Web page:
Writing a first cookbook includes its own ebb and flow. There are long solitary stretches where the cook works to perfect the recipe in their kitchen. Then, in come the reinforcements in the form of recipe testers, editor, and friends for support. I’ve had my fair share of helpers, so I was excited to help another first-time author as she thrust her book out into the world for the first time.  I prepped all the ingredients and packed parts of my kitchen to haul over to the Moscone Center for her cooking demo at the librarians convention. She showed the group how to make her Maple Walnut Chocolate Chunk Cookies (p. 134) and Maple Sour Cherry Shirley Temples (p. 52) as several of us distributed samples for attendees to taste.

The maple walnut chocolate chunk cookies can be made with dark or white chocolate chips, but take it from an avid dark chocolate fan, I heartily suggest eschewing the dark and going for white. The test batch below shows dark chocolate. The white chocolate didn’t last quite so long… White chocolate brings out the caramel accents from the maple sugar in the cookies that bake up crisp around the edges and moist in the middles. Katie’s maple sour cherry Shirley Temples were a revelation. I had made a test batch when I first received the recipe and this drink has been modified for adult palates, balancing the sweetness of the maple syrup with sour cherries and a bit of almond extract. This drink made a believer out of me and escalated my curiosity to try Katie’s other maple-laced recipes.

Maple Walnut Chocolate Chunk Cookies

The book categorizes the recipes by type, making it easy to hunt down drink recipes, breakfasts, main courses, and desserts. I began marking pages as soon as the book arrived that I’m planning to make this fall like Easy Maple Turkey Breakfast Sausage (p. 22) and the Overnight Whole Grain French Toast Bake with Dried Apricots and Chèvre (p. 30) that I’m eyeing for Christmas.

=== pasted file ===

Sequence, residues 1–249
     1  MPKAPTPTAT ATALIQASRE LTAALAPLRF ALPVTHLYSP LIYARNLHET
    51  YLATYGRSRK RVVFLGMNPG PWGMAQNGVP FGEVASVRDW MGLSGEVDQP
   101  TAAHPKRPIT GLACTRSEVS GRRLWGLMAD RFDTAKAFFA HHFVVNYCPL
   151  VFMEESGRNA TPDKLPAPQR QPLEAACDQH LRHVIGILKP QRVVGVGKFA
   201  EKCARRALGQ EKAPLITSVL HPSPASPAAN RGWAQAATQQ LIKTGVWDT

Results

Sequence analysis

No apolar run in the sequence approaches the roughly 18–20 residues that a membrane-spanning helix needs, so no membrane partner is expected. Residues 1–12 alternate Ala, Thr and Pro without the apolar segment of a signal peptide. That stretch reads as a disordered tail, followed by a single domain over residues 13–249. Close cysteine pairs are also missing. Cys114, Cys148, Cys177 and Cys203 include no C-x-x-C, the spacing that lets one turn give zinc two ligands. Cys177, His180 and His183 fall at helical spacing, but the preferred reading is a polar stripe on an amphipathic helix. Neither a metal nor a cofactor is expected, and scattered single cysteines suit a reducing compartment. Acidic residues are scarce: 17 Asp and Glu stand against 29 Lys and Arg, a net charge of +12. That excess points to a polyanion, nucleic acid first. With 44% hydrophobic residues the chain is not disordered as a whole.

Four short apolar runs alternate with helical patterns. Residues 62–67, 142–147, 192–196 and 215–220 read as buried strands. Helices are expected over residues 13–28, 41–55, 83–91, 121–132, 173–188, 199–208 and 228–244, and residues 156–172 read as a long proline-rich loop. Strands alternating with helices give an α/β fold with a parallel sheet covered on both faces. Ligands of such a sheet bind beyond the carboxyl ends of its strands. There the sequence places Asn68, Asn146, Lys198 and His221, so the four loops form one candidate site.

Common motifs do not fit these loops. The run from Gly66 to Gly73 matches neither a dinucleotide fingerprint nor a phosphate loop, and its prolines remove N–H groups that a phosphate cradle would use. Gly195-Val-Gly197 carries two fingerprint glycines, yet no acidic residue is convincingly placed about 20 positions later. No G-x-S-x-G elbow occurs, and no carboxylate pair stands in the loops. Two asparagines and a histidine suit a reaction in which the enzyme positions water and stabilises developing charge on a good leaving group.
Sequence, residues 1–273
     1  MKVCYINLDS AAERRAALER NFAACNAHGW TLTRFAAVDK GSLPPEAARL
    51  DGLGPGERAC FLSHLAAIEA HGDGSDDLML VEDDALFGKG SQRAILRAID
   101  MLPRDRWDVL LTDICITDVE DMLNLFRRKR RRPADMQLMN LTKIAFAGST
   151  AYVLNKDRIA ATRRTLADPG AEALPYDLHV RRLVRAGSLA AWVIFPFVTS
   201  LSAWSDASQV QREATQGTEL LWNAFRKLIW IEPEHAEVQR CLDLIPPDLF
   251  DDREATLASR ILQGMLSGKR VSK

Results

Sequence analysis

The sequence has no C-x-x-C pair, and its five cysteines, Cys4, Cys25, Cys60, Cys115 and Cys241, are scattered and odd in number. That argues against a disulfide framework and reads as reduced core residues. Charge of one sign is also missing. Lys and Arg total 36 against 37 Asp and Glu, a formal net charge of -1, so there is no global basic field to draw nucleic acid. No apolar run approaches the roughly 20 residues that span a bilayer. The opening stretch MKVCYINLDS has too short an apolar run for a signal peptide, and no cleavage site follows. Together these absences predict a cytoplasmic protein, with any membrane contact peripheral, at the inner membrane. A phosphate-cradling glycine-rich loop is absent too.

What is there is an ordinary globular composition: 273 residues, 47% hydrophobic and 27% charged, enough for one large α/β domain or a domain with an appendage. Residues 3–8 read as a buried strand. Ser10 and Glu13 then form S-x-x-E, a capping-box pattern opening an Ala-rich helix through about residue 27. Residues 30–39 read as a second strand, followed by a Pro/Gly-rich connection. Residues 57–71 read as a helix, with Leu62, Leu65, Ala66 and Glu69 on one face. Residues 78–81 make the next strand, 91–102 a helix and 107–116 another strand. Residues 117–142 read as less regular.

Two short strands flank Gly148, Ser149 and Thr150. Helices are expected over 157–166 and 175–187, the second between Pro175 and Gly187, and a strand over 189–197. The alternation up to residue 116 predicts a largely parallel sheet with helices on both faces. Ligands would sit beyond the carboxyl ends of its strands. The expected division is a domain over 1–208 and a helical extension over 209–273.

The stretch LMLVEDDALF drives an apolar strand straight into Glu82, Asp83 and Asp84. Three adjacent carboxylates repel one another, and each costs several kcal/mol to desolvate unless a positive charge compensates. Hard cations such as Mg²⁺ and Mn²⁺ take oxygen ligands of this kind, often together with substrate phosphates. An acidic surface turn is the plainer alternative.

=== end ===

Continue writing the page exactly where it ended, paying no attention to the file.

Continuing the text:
I learned that every winter Katie and her family tap trees in their yard and then process the sap through backyard sugaring that includes a 500-pound evaporator parked in their driveway. Katie takes the reader into understanding the differences between grades of syrup and even offers substitution tips for swapping in maple syrup in place of other sweeteners. Growing up in Texas and then living in California, it’s all too easy to look at a bottle of maple syrup and not see the connection to the land, especially when considering the cost. This ingredient is big business in Vermont and Northern America with direct links back to family-owned businesses. In reading Maple, I began to appreciate so much more than just the flavor. And that brings us back to chicken.

These chicken thighs marinate overnight for a comforting main course that fills the house with the aroma of fall. I totally understood Katie’s promptings this summer that this chicken would woo and win over anyone who tried it. It really is a bit of a ringer recipe. I adapted it ever so slightly with a few substitutions. We use kosher salt in our house, so instead of using 3/4 teaspoon iodized table salt as indicated in the recipe, I swapped in 1 teaspoon kosher salt. The recipe called for bone-in chicken thighs, but I ended up using skinless, boneless chicken thighs because that’s what I could find at my local market. She gives the suggestion to use pears or apples, but we decided to keep the apple love fest going strong to pair with the apple cider and apple cider vinegar. I made a pot of polenta and steamed some carrots to serve alongside. In the end I’m thinking all this dish really needs is a cold evening outside with the oven heating up our home and the smell of ginger, apples, maple, and poultry permeating every nook and warming us up.

Maple Ginger Chicken Thighs

Maple Ginger Chicken Thighs

(adapted ever so slightly) Reprinted with permission from Maple: 100 Sweet and Savory Recipes Featuring Maple Syrup by Katie Webster, published by Quirk Books.

Makes 8 servings

1 shallot, finely sliced

3/4 cup apple cider

1/2 cup dark pure maple syrup

1 tablespoon finely grated, peeled, fresh ginger

1 tablespoon apple cider vinegar

1 teaspoon chopped fresh thyme leaves, plus four sprigs, divided

1 teaspoon kosher salt

1/2 teaspoon ground black pepper

8 bone-in (or boneless, skinless) chicken thighs

3 medium pears or apples, peeled, cored and quartered


In a medium bowl, whisk shallot, cider, syrup, ginger, vinegar, thyme, salt, and pepper. Place chicken in a large resealable bag. Pour marinade into bag, seal it, and refrigerate for 12 to 24 hours, turning once or twice to agitate marinade and coat all pieces.

Preheat oven to 400F. Remove chicken from marinade and arrange pieces, skin side up, in a 9-by-13-inch baking dish. Tuck pears and thyme sprigs among chicken pieces. Pour marinade over top. Bake, basting occasionally, about 1 hour, until chicken is cooked through and starting to pull from the bone. Serve chicken and pears with sauce spooned over top.